One of the NFL’s dirty little secrets is that the injury report doesn’t provide equal access to injury information, and that an incentive remains for my one-eyebrowed countrymen from North Jersey to pursue, for example, during the 2008 season the reason for the sudden drop in Brett Favre’s performance. (Hey, maybe Tony Soprano bumped into “Mangenius” at Vesuvio. Again.)
Another of the NFL’s dirty little secrets is that tampering with other team’s players is as common as lying on injury reports.
On this week’s episode of Showtime’s Inside The NFL, former personnel executive Michael Lombardi, who worked most recently for the Broncos after multiple years with the Raiders, talked candidly about the rampant nature of tampering in the league. And Lombardi admitted that, during his career, he tampered, too.
“Trust me, I’ve been a
tamperer,” Lombardi said, per Tim Graham of ESPN.com. “I’ve been in the NFL for over 20 years, so I have tampered my
fair share of times.”
Lombardi’s broader point is that tampering is hard to prove, and he raised that reality in connection with the 49ers’ pending claim that the Jets tampered with unsigned rookie draft pick Michael Crabtree.
“They have to have specific evidence,” Lombardi said. “If they do, they can convict the Jets.”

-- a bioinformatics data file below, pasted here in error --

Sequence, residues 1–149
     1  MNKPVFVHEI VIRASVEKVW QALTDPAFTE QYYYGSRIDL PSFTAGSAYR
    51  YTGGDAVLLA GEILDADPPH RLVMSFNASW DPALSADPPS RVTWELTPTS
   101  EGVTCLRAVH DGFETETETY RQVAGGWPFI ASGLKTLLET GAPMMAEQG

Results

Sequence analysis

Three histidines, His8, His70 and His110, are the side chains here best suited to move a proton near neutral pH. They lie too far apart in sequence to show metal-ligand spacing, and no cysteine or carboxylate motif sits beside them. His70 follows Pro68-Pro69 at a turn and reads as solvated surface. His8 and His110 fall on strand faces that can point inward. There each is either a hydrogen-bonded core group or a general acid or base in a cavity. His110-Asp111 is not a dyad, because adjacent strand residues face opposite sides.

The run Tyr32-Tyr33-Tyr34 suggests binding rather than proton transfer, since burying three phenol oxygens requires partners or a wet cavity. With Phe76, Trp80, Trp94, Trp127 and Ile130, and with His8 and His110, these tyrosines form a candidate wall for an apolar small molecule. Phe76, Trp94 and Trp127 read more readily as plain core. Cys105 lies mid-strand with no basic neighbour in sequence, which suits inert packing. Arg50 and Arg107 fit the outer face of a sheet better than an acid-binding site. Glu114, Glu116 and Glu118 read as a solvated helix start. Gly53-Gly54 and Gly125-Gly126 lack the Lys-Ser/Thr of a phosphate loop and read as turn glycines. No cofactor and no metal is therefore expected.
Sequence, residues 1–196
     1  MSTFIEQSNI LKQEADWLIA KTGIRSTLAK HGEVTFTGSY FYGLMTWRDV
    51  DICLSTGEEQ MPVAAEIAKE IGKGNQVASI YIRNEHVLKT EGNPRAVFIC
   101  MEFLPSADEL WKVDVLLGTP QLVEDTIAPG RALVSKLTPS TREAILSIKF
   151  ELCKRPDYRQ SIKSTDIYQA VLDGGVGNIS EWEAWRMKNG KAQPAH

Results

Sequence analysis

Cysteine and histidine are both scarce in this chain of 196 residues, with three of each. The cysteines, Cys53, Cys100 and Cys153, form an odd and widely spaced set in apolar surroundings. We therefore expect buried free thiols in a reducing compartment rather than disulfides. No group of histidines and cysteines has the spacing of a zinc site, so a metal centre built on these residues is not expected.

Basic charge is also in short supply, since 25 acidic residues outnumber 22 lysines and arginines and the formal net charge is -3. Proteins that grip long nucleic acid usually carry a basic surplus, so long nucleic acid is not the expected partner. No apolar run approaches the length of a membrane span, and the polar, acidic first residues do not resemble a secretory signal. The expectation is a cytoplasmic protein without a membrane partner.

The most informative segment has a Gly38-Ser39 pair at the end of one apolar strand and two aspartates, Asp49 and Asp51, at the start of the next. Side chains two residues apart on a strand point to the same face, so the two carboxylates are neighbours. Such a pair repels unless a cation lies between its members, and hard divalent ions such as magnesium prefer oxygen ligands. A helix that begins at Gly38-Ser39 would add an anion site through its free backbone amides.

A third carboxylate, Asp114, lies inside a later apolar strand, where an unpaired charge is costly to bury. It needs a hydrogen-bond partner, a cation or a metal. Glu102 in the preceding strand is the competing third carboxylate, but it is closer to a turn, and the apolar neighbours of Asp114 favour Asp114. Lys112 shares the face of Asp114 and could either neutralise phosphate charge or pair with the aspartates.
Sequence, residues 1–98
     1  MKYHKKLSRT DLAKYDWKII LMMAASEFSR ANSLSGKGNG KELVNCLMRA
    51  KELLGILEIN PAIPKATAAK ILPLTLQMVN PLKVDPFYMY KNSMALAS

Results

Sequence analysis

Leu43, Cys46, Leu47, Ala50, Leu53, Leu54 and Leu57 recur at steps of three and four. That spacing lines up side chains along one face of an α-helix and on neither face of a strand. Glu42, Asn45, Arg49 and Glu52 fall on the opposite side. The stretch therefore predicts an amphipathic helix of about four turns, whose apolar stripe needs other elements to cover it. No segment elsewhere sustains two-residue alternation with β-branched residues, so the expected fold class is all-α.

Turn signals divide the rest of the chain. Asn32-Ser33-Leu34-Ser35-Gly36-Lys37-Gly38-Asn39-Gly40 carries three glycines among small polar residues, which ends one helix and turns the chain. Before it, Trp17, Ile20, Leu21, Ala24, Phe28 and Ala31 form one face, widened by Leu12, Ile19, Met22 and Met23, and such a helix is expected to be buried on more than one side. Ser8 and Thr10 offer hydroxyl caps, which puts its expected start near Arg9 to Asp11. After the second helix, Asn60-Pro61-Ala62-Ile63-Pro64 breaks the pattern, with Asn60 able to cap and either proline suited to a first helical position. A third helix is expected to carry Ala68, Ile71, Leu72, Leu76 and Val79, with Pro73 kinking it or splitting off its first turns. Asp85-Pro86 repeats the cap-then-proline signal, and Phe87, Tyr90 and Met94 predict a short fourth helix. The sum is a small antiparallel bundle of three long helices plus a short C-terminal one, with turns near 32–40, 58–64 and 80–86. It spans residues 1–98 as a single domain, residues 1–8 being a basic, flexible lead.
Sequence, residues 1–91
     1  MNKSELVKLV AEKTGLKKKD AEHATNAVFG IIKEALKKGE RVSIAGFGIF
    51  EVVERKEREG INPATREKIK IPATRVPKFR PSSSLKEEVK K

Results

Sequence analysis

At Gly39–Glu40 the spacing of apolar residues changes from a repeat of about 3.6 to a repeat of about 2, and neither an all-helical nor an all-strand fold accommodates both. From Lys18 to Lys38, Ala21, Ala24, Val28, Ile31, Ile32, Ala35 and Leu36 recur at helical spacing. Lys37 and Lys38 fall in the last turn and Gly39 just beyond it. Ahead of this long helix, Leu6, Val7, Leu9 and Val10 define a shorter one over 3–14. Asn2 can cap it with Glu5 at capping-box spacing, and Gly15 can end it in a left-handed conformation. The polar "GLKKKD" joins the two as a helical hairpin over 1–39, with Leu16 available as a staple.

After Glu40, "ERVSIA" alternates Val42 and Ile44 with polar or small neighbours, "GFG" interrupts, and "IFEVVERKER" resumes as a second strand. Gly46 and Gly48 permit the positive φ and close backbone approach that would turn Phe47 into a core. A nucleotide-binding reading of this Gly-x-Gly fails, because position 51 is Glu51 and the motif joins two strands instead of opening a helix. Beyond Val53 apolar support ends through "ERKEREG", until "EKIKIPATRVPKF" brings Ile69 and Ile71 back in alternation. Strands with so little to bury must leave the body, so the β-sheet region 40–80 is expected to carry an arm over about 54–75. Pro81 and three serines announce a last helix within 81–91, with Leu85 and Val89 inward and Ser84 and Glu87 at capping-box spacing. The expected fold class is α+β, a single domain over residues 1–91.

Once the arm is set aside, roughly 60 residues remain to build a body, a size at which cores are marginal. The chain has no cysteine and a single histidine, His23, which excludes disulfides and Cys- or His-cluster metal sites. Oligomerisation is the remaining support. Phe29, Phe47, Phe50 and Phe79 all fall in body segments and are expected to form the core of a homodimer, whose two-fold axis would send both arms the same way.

And that brings us back to the key player in this drama, the man who once played for the 49ers and who now works for the NFL — Deion Sanders.
The claims arises from the fact that Deion spouted off during a September 4 appearance on NFL Network, claiming that two teams are willing to pay Crabtree twice what the Niners have offered, and that Crabtree knows it.
This knowledge has necessarily emboldened Crabtree to continue to refuse to sign with the 49ers, and to wait for one of the teams who claim that they want him to make a play for him in the offseason or in the 2010 draft.
So the question remains is this: Will the NFL require Deion to reveal what he knows and how he knows it? Sanders technically isn’t a journalist, and there’s no law of which we’re aware that would keep a private employer from disciplining or discharging an employee who refuses to cooperate with an internal investigation.
So the “specific evidence” to which Lombardi refers probably rests with the man who inadvertently created this mess. Whether the league finds out what Deion knows rest on whether the NFL has the will or the desire to put Deion on the spot.